This Week in God

THIS WEEK IN GOD…. First up from the God Machine this week is a new push from evangelical religious groups to kill health care reform.

Conservative Christian groups on Wednesday (Aug. 26) ramped up opposition to health care reform, saying the current system “has problems” but “it is working.”

Members of the newly formed Freedom Federation, comprised of some of the largest conservative religious groups in the country, say they oppose taxpayer-supported abortion, rationed health care for the elderly and government control of personal health decisions.

Mathew Staver, who heads the legal group Liberty Counsel and is dean at Liberty University’s law school, said the group agrees on certain core values.

And nothing, apparently, says “Christian values” to these groups and leaders like opposing the protections health care reform would provide to tens of millions of American families.

The Freedom Federation includes, among others, the American Family Association, the Church of God in Christ, Concerned Women for America, Family Research Council Action, Liberty University and the Traditional Values Coalition. All of the groups, apparently, are led by right-wing activists who interpret the New Testament in a way that seems very hard to understand.

Also from the God Machine this week:

* Rep. Michele Bachmann (R) of Minnesota recently talked about how faith relates to the health care reform debate. She said, for example, that we should “thank God” that Sarah Palin wrote about “death panels.” Bachmann added that conservatives will win the fight to kill reform “on our knees in prayer and fasting.”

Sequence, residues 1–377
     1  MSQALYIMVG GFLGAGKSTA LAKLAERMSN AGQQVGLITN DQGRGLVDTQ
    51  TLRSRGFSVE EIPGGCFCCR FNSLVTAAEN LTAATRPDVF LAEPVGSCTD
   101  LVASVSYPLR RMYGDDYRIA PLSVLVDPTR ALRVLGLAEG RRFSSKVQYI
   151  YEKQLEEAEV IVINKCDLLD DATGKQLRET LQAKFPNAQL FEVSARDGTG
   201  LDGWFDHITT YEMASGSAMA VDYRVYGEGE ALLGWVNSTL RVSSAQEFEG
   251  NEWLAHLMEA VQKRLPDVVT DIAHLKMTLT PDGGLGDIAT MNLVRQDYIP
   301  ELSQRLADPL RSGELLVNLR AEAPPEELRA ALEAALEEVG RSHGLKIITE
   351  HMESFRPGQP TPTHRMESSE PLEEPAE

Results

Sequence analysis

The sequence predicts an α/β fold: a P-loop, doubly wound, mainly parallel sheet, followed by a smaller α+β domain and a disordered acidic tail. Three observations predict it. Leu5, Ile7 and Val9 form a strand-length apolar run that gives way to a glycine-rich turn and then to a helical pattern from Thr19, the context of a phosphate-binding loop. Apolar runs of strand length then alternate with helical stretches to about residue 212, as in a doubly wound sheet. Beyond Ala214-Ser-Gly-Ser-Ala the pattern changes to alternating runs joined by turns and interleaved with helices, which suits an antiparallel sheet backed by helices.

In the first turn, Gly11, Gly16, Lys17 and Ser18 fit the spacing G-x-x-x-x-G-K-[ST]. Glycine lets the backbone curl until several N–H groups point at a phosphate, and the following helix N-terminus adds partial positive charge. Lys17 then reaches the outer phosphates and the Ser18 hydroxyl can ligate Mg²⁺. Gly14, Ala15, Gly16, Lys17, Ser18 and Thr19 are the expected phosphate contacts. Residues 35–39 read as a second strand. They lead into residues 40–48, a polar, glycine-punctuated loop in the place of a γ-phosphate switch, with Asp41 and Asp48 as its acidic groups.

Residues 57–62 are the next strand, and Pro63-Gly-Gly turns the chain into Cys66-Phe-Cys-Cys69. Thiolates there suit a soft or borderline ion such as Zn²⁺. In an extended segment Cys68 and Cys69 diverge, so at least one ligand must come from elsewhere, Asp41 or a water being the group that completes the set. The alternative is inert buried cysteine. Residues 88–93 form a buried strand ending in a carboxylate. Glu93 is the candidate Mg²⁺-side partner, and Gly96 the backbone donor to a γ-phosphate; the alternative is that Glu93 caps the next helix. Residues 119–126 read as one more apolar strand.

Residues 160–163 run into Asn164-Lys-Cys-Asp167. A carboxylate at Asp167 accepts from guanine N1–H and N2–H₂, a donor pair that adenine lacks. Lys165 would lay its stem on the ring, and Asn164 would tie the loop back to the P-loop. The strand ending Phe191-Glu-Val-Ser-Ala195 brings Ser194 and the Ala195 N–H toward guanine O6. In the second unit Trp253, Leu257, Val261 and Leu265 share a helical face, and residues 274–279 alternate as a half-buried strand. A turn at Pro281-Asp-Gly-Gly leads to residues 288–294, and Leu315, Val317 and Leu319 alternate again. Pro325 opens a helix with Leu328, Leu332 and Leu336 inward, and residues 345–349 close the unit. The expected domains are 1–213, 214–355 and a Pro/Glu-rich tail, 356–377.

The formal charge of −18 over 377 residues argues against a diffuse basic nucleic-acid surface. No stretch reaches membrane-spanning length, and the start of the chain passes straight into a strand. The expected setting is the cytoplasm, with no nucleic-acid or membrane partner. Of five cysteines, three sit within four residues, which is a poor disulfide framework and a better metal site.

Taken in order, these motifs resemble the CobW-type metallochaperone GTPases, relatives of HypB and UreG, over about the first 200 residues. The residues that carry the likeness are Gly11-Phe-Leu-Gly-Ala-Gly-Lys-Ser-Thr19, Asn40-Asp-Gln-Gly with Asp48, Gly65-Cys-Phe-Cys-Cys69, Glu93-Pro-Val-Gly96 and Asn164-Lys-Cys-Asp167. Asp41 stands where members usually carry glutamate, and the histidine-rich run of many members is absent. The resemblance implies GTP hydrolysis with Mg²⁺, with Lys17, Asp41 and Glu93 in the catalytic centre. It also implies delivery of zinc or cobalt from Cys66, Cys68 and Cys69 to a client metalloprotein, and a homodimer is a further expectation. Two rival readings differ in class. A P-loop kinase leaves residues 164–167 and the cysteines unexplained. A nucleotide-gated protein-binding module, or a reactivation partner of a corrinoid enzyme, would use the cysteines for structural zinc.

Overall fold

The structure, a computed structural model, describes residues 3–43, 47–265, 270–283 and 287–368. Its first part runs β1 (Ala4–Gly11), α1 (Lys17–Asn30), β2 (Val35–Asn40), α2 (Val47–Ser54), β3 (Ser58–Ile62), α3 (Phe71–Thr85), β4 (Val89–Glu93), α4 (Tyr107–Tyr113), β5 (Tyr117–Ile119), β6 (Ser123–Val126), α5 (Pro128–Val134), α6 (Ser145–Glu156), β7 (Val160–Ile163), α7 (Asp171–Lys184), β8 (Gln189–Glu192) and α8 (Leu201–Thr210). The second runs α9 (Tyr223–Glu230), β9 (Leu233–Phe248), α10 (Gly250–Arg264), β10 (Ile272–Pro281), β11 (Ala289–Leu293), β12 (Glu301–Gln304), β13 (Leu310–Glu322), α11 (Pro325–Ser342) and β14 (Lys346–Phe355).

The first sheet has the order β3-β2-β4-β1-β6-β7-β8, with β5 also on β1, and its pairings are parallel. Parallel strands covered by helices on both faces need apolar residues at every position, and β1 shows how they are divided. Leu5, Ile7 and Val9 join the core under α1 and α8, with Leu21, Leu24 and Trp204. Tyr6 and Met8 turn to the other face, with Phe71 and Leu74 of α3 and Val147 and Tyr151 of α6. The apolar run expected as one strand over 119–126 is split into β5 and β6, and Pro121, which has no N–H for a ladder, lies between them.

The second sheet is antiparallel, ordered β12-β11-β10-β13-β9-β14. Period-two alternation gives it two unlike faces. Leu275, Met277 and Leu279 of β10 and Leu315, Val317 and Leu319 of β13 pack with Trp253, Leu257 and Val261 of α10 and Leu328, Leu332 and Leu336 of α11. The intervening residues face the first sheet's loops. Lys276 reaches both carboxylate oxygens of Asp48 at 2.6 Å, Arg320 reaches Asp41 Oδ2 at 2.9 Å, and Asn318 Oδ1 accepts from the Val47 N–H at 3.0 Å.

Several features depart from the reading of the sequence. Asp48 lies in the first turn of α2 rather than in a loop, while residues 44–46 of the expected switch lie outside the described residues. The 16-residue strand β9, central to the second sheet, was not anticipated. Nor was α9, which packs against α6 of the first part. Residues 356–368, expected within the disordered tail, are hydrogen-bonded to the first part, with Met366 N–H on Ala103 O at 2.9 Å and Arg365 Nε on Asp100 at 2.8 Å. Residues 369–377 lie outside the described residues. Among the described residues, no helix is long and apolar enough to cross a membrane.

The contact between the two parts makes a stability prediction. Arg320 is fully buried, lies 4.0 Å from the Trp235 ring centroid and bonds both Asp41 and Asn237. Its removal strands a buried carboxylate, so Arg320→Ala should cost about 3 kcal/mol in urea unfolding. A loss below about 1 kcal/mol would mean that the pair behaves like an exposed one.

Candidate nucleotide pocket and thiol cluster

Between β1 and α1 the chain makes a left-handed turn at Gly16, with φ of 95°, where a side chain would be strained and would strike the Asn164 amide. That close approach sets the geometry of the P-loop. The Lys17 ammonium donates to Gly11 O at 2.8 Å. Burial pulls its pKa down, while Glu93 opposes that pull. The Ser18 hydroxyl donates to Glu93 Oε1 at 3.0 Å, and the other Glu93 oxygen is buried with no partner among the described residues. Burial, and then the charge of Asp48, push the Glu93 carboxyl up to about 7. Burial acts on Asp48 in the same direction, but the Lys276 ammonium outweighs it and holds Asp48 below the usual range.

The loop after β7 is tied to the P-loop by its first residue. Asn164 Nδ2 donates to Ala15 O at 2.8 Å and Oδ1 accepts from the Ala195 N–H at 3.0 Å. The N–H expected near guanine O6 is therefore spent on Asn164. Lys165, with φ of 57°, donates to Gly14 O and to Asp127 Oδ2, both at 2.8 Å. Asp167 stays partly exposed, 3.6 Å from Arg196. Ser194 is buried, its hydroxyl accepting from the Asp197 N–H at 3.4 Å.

* Arizona pastor Steven Anderson prayed publicly for President Obama’s death a day before one of his parishioners brought an assault rifle to a presidential event. It appears that the Secret Service recently chatted with Anderson.

* Rep. Bobby Rush (D-Ill.) has “spent more than a tenth of his campaign’s receipts on the church he founded, a tidy tithe totaling $152,777.” While lawmakers routinely set up tax-exempt nonprofits, Rush’s approach “is different because a church is his center of operations and he concentrates on social services. But what his approach has in common with those of other lawmakers is the earmarking of tax dollars — Rush earmarked nearly $700,000 for two related social services entities he helped establish.” (thanks to Tammy for the tip)

* Can atheists adopt a child? An interesting legal dispute is underway in New Jersey. [Update: Oops. Someone alerted me to this story the other day, but I didn’t notice the date. In other words, never mind. For what it’s worth, the atheists won the case — several decades ago.]

* In the wake of 9/11, officials in Kentucky created a state Office of Homeland Security. State lawmakers required that training materials include information that the General Assembly stressed a “dependence on Almighty God as being vital to the security of the Commonwealth.” The same law mandated that the state’s Emergency Operations Center feature a plaque that said “the safety and security of the Commonwealth cannot be achieved apart from reliance upon Almighty God.” This week, Franklin Circuit Judge Thomas Wingate found this unconstitutional.

* And finally, a local church in north Florida encouraged kids to wear shirts to the local public school that read “Islam is of the Devil.” The children were sent home. The Dove World Outreach Center Pastor Terry Jones said spreading the church’s message is more important than education.